Nexuses Redux: Nativity

I previously wrote about nexuses. One pattern I've noticed with regard to nexuses is that different languages are “native” to different nexuses. It's thus useful to talk about languages (programming languages, scripting languages, shells) with regard to their native nexus.

For example, the native nexus of C is C APIs. The filesystem can be accessed, but necessarily via C APIs.

The native nexus of .NET is the .NET type system and ecosystem. C APIs can be accessed, but with some effort. Indeed, there are many different languages which run on .NET, all native to the same nexus.

Case Study: The Bourne Shell

The Bourne shell is native to an integration nexus, namely the UNIX filesystem. It also constitutes an effective maintenance nexus, precisely because of its nativity to such an important nexus. It is an expedient means of working with a UNIX system because of its nativity to UNIX filesystem objects, operations, state (working directory, environment variables) and executable programs.

Compare this to most programming languages, where performing filesystem operations is likely to be a lot more longwinded than in the Bourne shell.

For this reason, I conclude that choosing a language with appropriate nativity is perhaps an important factor in choosing a language to use. The sheer degree of difference this can make can perhaps best be demonstrated simply by point that when you type commands at the Bourne shell, you are writing in shell, yet are barely aware of this. It is said that the best and most influential technologies tend to become invisible, because we cease to notice them. The Bourne shell is to a degree such a case. Arguably, it, along with coreutils, defines our very relationship with the UNIX filesystem, an integration nexus and namespace.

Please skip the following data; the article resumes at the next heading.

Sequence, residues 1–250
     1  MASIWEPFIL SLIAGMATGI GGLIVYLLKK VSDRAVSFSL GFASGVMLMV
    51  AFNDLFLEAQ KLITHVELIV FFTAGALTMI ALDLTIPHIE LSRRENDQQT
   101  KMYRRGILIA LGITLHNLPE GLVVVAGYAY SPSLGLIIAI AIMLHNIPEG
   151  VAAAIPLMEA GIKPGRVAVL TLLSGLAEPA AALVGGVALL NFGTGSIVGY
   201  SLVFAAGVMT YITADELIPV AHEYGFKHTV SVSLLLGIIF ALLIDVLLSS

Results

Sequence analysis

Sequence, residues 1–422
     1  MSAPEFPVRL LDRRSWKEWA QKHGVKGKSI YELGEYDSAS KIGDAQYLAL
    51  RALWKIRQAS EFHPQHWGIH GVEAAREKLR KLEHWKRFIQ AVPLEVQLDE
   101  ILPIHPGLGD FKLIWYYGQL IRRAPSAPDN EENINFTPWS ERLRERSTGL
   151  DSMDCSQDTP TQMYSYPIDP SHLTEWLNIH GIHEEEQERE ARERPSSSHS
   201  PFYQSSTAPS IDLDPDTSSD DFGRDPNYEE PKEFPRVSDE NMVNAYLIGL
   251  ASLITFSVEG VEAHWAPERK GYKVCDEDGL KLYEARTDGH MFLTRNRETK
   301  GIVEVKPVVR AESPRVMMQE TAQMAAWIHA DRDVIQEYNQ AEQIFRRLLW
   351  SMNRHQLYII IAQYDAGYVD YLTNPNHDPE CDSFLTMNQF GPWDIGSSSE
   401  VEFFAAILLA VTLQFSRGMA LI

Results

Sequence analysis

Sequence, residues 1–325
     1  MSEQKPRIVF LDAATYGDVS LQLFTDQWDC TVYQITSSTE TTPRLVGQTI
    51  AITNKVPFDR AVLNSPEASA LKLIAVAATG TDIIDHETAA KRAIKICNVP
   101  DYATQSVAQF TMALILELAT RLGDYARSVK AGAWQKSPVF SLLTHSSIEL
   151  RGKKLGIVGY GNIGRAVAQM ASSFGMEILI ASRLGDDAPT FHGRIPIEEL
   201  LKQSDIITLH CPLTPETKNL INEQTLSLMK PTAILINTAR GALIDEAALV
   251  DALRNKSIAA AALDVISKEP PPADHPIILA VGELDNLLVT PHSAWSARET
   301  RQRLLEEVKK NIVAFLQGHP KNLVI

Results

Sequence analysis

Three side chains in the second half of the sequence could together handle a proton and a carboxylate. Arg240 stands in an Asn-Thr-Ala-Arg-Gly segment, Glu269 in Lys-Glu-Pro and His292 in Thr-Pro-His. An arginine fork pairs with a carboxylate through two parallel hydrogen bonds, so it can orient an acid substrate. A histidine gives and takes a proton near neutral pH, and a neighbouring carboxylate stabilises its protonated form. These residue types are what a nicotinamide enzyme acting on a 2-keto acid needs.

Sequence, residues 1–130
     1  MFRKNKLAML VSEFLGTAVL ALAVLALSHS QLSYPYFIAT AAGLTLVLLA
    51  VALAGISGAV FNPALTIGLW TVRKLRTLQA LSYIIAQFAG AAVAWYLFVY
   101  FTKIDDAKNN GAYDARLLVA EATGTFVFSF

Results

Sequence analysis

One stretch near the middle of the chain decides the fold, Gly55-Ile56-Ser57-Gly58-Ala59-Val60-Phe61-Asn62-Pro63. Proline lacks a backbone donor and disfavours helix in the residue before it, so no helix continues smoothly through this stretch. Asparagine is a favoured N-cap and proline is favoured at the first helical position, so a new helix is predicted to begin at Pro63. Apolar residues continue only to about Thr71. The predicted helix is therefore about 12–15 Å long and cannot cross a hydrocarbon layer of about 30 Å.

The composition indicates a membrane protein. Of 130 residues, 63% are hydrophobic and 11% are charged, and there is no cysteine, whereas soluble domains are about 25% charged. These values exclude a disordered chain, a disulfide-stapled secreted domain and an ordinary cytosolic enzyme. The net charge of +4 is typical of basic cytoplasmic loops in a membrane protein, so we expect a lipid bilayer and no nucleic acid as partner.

Although I have little experience with PowerShell, I gather it is interesting because it provides native access to more of Windows' integration nexuses, its namespaces, than the conventional command line. For example, you can change “directory” into the WMI tree, or the registry! By comparison UNIX mostly solves this issue by placing everything in the virtual filesystem hierarchy. (Arguably this is a more elegant solution; there must be a lot of complexity underlying PowerShell to enable traversal of the registry in this manner, and other applications cannot easily benefit from this unification.)